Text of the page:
One of the less chronicled but very interesting pioneers from the long-ago pages of our local history was Cole F. Sedgewick (circa 1878 -1931). Although he had hard luck in terms of his ranching and family background, his perseverance won him accolades from friends and neighbours.
Ranching and business ventures
Cole Sedgewick was born in rural Montana. There is some disagreement as to his birth year. The Dominion of Canada Census for 1911 lists it as 1878, while his obituary from 1931 indicates that he was only 48 years of age when he passed away. That would have made his year of birth 1883.
Such discrepancies are commonplace in old-time data and are challenges for both the local historian and the genealogist.
Sedgewick’s family ancestry was English, and he had two brothers. His parents were involved in the ranching industry and hotel business south of the line. They operated three hotels in different Montana centres during the frontier era.
Building upon those life experiences, Sedgewick came north to the Lundbreck area in 1899. According to the 1911 Dominion of Canada Census he became a British subject three years later. He established a ranch just a short distance from this agricultural and coal mining settlement.
This was in the year following completion of the Crowsnest line of the Canadian Pacific Railway. Within a few short years, he had built up a large cattle herd and the ranch flourished.
However, a severe snowstorm during the winter of 1910 spelled disaster, as most of his cattle were wiped out. The resulting financial setback forced Sedgewick to give up his ranching venture.
Disappointed but not prepared to give up on southern Alberta, our ever-resourceful pioneer headed to Lethbridge for a short period, where he pursued business options. He soon ventured west, however, settling in the coal mining town of Blairmore, the heart of the Crowsnest Pass. There he purchased a hotel, which he operated until 1923.
Building upon his business experiences at his Lundbreck ranch, Sedgewick secured a thriving trade for the hotel. The mines often were busy and the hotel was located close to the Canadian Pacific Railway tracks, which saw near continuous passenger and freight traffic.
B.C. commercial activities
After more than a decade in the midst of the Pass, Sedgewick took on another business venture, this time adjacent to Kootenay Lake in southern British Columbia.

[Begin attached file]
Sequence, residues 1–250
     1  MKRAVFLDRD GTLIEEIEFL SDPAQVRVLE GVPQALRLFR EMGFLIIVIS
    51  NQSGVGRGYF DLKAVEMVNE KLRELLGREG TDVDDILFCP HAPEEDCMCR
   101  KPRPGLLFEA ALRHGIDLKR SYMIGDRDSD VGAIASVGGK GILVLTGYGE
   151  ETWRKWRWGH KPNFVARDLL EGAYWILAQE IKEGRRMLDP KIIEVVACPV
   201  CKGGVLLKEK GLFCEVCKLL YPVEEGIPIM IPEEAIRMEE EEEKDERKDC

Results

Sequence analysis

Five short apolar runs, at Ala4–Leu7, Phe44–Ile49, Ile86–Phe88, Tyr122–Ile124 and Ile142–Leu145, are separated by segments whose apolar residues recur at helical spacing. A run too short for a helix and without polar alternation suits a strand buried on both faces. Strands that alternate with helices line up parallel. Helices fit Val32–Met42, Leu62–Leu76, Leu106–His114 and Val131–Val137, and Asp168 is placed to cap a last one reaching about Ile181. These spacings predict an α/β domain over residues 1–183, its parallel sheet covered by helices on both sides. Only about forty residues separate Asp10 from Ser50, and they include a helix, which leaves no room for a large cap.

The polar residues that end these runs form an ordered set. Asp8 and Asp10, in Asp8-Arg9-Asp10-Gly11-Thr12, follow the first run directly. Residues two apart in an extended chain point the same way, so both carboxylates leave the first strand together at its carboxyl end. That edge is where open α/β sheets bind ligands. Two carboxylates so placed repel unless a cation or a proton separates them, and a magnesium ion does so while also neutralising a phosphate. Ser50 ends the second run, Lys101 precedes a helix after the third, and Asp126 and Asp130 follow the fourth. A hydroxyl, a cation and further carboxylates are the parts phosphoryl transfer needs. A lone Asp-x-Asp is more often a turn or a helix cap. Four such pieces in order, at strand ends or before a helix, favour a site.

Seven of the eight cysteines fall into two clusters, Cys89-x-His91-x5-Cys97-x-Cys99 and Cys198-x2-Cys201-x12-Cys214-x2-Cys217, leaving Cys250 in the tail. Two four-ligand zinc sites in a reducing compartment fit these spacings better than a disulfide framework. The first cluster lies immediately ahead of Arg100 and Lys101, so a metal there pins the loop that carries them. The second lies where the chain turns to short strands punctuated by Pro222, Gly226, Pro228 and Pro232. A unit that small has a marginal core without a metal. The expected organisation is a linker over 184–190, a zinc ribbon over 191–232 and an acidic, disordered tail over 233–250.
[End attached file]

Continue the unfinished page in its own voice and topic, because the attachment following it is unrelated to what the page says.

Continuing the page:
Building upon the business contacts he had made many years earlier in Lethbridge, he attempted to organize an oil company for these entrepreneurs. In spite of their best efforts, the venture did not get off the ground, but within two years Sedgewick had secured a short-lived position with the Canadian Oil Co.
This position was successful due to Sedgewick’s organizational skills. He secured new capital and combined it with the monies of the Canadian Oil Co. to establish the Kootenay Oil Co. His efforts resulted in his being appointed its general manager, a job he held until 1928.
That year Shell Oil bought out the smaller corporation, but Sedgewick continued his work for another 12 months, resigning in 1929.
Not content to retire from business life, Cole Sedgewick acquired the Pitner’s Café in early 1931, renaming it the Plaza. His wife, Lois, took on active management of the business. However, disaster struck just a few weeks later, in March, when Cole passed away unexpectedly. He had been ill for only a short time.
The former Lois Porter, whom he married in July 1925, was Sedgewick’s second wife. Little is known of his first wife, other than she was born in 1878. Official records list her only by her first initial of “W.” She passed away while the couple resided on their Lundbreck area ranch, following several years of poor health.
Socially, Sedgewick was a member of the Presbyterian Church. He also was active in the Independent Order of Oddfellows when he resided in Blairmore, and later in the Benevolent and Protective Order of Elks when working in Nelson, B.C.